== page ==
Monday morning comes, and with it to Toukyou (Tokyo) came Председатель Правительства Российской Федерации (Chairman of the Government of the Russian Federation; roughly “Prime Minister”) Vladimir Putin and his vast entourage of “business” negotiators, arriving for the final round of the Japan-Russia Nuclear Cooperation agreement talks… and a whole lot of side business.
Here is a summary report from Radio Free Europe / Radio Liberty on the Russian version of the trip:
Putin told Japanese media the accord would increase the share of Russian nuclear fuel on the Japanese market to 25 percent from 15 percent.The thing is, though, that as of last weekend *the deal was not yet done*. The Moscow Times (English-language source) reports (cited here):
He is also seeking Japanese investment in about 200 other projects, including automobile, energy, space, communications, and steel-manufacturing projects, the "Nikkei" business daily reported after an interview with Putin.
"We intend to sign a host of inter-governmental agreements. And I think representatives of business will come to sign significant contracts," Putin said, according to a transcript of the interview supplied by the Russian government.
"We have observed a rise in Japanese investment into the Russian economy," said Putin, who will meet Japanese Prime Minister Taro Aso on May 12.
Japan's ambassador to Moscow, Masaharu Kono, was less optimistic, saying Friday that the countries had yet to reach a final agreement on the matter, Interfax reported.Gee, any thoughts on why such a series of mutually beneficial agreements might be a tough deal to close?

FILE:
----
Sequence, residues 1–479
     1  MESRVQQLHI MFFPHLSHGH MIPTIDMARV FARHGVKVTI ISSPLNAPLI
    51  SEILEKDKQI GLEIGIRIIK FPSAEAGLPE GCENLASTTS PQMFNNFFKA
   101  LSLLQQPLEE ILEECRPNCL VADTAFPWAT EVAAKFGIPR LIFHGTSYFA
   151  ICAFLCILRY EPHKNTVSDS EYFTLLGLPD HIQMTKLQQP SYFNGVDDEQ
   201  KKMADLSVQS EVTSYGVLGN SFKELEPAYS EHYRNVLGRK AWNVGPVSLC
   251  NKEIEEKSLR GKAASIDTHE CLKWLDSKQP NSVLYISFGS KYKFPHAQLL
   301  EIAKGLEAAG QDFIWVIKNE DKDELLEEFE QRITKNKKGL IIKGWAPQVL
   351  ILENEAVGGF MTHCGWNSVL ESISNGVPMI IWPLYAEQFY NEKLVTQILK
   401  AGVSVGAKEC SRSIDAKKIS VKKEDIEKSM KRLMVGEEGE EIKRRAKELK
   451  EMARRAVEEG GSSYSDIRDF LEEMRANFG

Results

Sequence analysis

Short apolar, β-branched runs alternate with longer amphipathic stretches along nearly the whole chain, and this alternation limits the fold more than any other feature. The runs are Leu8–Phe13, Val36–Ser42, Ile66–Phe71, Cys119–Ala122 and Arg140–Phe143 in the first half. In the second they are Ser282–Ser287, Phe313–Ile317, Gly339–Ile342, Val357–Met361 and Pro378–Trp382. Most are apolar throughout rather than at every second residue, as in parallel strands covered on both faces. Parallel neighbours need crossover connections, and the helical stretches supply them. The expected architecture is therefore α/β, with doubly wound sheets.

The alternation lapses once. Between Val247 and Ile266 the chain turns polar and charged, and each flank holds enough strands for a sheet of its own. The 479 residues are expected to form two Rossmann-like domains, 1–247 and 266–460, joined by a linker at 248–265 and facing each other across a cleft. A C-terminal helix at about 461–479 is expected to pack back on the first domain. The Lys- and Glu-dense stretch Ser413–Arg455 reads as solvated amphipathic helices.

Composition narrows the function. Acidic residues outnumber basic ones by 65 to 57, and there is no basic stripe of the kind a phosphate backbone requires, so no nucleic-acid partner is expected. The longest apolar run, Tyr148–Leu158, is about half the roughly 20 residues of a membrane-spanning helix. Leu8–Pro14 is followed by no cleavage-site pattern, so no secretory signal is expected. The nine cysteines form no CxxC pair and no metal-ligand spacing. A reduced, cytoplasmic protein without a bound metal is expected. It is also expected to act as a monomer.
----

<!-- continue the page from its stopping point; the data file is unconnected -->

…there might be a little open issue still on the table from back in 1945?
Like the fact that there is no Peace Treaty or final border settlement between Japan and Russia.
Like the fact that the then Soviet Armed Forces not only chose to occupy the Japanese territories of Karafuto, Chishima and the Hoppou Ryoudo, respectively Sakhalin Island (southern portion), the Kurile Islands and the Northern Territories (islands adjacent to Hokkaidou), but has claimed sovereignty over all of them. The claim of the Russian Government is that Sakhalin and the Kuriles have been exchanged back and forth by previous agreements (some in the wake of wars) and so are separable territory as called for under the Potsdam Declaration’s dismantlement of Imperial Japan. Where their claim really gets weak, though, is the attachment of the four coastal islands of the Northern Territories to the long arc of the Kurile Islands, something that was never considered even going back to the original 1855 boundary delineation (the first time a line was drawn). Here is a convenient map reference, not so much for the Russian / Russianized names on the map, but for the easy-to-see red lines showing: the 1855 line; the 1875 revised settlement, and; the 1945 line-of-control.